print high-resolution graphics. To print a full-page graphic at 300
dpi, for example, you need at least 1 MB (megabyte) of printer RAM.
For a 600-dpi graphic, you need at least 4 MB RAM.
Because laser printers are no impact printers, they are much quieter
than dot matrix. They are also relatively fast, although not as fast
as some dot-matrix printers. The speed of laser printers ranges from
about 4 to 20 pages of text per minute (ppm). A typical rate of 6
ppm is equivalent to about 40 characters per second (cps).
Laser printers are controlled through page description languages (PDL's).
There are two de facto standards for PDL's:
PCL: Hewlett-Packard (HP) was one of the pioneers of laser printers
and has developed a Printer Control Language (PCL) to control output. There are several versions of PCL, so a printer
may be compatible with one but not another. In addition, many printers
that claim compatibility cannot accept HP font cartridges.
PostScript: This is the de facto standard for Apple
Macintosh printers and for all desktop publishing systems.
Most software can print using either of this PDL's. PostScript tends
to be a bit more expensive, but it has some features that PCL lacks
and it is the standard for desktop publishing. Some printers support
both PCL and PostScript.
The 6 steps laser printing process
* easy way to remember this is CARS WILL DRIVE TO FAST CLEANLY
1. Conditioning or Charging – To make the drum
receptive to new images, it must be charged. The EP drum is given
a negative charge by the primary corona wire around -600 and -1000
2. Writing - A laser beam is use to write to the EP drum causing
dots on the drum to lose some of the negative charge
and become relatively positive charge
3. Developing - A toner is transferred from the toner
cylinder to the EP drum by attracting the area of the drum that has
Relative positive charge
4. Transferring - The transfer corona wire puts a highly
positive charge on the paper once the paper has a positive charge
the negatively charge toner particle leaps from the drum into the
5. Fusing - The compression roller and fusing roller
press and melts the toner into the paper the fuser gets very hot
6. Cleaning – The Photosensitive drum is cleaned
before it can take on a new image
Other Types of Printers
Photo Printer – Is a type of printer use for
Dye-Sublimation Printer – Is a type of printer which
employs a printing process that uses heat to transfer dye to a medium
such as a plastic card, printer paper or poster paper.
Thermal Printer- Is a type of printer that produces
a printed image by selectively heating coated thermo chromic paper,
or thermal paper as it is commonly known, when the paper passes over
the thermal print head. The coating turns black in the areas where
it is heated which then produce an image.
All-in-One Printer - A printer than can also do scanning, fax and make copies
Plotter - A large device use to print large posters and documents
3D Printer - Prints 3D objects
Wireless Printer (WiFi, Bluetooth and Infrared)
Virtual or Cloud Computing
Other things to look for when buying a printer
Page or Continous Form
Line or Page Printing
Full Duplex Printing
Memory or Spooler
Networking a printer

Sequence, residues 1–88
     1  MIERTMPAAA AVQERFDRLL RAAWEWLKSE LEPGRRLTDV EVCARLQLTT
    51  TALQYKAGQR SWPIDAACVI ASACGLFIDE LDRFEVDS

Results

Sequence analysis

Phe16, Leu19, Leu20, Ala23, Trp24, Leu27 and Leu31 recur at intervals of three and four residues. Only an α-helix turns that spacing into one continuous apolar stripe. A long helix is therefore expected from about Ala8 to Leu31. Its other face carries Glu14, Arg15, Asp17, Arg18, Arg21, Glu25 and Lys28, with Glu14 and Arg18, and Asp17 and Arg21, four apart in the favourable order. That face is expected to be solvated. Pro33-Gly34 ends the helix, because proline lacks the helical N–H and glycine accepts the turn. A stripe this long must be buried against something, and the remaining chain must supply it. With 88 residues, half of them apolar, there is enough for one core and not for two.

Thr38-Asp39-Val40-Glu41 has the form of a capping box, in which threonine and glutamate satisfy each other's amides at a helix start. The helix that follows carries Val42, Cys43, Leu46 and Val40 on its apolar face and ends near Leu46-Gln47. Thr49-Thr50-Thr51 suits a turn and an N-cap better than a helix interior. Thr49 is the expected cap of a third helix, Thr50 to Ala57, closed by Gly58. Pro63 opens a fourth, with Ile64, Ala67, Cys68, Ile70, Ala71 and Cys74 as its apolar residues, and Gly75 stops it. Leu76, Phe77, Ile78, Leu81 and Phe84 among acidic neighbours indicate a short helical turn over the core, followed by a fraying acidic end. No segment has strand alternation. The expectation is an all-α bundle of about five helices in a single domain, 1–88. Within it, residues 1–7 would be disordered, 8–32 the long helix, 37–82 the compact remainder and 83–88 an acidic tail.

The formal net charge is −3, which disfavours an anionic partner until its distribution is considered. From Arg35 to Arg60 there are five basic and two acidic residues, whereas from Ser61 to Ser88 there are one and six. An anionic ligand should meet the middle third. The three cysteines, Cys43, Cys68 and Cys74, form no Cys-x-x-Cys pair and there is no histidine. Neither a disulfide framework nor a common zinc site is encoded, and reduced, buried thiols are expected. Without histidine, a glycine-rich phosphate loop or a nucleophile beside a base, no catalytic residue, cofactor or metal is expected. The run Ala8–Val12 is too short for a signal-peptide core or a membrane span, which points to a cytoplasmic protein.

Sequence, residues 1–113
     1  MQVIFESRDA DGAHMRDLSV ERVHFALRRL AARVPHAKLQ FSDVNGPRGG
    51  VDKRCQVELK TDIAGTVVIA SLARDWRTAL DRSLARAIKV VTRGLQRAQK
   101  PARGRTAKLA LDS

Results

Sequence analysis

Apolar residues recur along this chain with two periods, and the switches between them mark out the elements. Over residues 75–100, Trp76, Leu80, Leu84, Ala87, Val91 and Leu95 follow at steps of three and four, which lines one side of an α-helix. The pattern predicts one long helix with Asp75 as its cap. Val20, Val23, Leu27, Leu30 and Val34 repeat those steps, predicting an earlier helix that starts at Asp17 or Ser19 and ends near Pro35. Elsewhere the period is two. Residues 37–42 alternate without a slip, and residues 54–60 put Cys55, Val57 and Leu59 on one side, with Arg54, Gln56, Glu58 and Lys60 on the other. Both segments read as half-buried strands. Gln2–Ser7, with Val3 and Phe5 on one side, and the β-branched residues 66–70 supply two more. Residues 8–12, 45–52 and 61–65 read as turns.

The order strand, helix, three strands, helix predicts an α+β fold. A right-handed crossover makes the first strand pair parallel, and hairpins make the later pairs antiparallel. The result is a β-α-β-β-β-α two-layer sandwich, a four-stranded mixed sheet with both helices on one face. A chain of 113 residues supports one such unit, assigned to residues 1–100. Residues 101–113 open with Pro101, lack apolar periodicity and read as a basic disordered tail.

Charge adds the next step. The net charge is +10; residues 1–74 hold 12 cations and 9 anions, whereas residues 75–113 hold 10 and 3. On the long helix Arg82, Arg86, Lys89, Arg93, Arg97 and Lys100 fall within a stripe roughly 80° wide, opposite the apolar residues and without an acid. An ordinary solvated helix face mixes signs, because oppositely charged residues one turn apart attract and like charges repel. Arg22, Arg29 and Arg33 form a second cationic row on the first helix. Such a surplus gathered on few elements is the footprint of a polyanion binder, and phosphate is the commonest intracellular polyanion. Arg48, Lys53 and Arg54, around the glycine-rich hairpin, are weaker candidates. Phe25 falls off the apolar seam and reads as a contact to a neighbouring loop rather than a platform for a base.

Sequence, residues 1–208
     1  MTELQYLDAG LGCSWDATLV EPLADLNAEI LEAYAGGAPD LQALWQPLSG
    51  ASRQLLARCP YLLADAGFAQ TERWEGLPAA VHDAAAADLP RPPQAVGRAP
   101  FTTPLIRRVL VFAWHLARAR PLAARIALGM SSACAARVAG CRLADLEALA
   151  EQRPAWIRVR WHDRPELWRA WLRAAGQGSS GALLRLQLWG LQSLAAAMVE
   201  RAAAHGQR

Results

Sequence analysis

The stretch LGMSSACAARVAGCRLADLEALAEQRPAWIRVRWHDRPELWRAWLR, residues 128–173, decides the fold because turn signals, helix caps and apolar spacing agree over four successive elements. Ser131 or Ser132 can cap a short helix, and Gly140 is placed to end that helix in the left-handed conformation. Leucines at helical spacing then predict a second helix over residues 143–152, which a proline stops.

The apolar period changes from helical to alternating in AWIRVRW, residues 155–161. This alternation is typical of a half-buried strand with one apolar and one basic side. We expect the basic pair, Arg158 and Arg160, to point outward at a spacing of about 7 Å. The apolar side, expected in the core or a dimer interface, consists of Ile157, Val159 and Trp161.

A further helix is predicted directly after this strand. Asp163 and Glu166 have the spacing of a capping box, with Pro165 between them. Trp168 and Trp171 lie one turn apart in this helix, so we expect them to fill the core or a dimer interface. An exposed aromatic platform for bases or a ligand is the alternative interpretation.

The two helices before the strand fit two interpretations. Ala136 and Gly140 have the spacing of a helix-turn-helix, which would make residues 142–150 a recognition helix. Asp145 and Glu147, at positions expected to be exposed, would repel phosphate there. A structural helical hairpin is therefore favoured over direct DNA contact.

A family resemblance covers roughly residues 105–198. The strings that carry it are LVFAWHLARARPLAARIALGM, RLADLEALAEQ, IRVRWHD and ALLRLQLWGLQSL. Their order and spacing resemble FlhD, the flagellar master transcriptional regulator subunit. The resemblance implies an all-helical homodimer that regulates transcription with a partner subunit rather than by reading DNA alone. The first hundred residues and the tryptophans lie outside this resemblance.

Types of Printer Cables
USB – Standard USB Printer Cable speed is around
Parallel – IEEE 1284 Standard Cable speed is
around 1.5 to 2.77Mbps
1284 standard supported the following:
5 modes of operation (Compatibility, Nibble Mode, Byte Mode, EPP and
Supported a standard physical interface
Supported impedance and termination
Supported a standard method of connecting a host PC and peripheral
Serial – RS232 Standard Printer Cable speed
is around 57Kbps
Network, or commonly Ethernet, connections are commonplace on network
laser printers, though some other types of printers do employ this
type of connection. Generally, network printers are designed to be
shared using a central file/print server, though you can share them
off a workstation in a “workgroup” environment.
Parallel is the original standard for printers and
a lot of basic printers still rely on the parallel port connection.
A parallel (also called LPT port) sends and receives data simultaneously,
transmitting data in parallel. Parallel uses a DB25 connection on
the computer side and an oddly shaped 36 pin connection on the printer
called the centronics port.
USB, or Universal Serial Bus, is a very common connector
type for personal printers being sold today. USB is sold as the next
generation of standard ports for computers. USB allows mice, keyboards,
scanners, printers, most peripherals to connect to a computer. It
supports up to 12 Mbps transfer rate and is hot swappable.
Infrared is not very commonly used. An Infrared acceptor
allows your devices (laptops, PDAs, Cameras, etc) connect to the printer
and send print commands via infrared signals.
Serial allows your printer to connect to your computer via the serial
Firewire is a high speed connection commonly referred
to as IEEE1394, its “standard”. Though not specifically
mentioned in the preparation outline for the exam, you should be aware
that a printer may connect via Firewire. Firewire is a high speed
connection typically used for digital video editing or other high
6pin Firewire port
connection such as Bluetooth is also popular for connecting printers
in a network environment
An HP Jet direct (or Printer Server Box) is a device
which allows a non-networkable printer to be networked. For example,
we have an Epson color inkjet printer in our office which has a standard
parallel port connection on it. The Jet Direct box allows the printer
to be connected into our network and allows the printer to be shared
off of our file/print server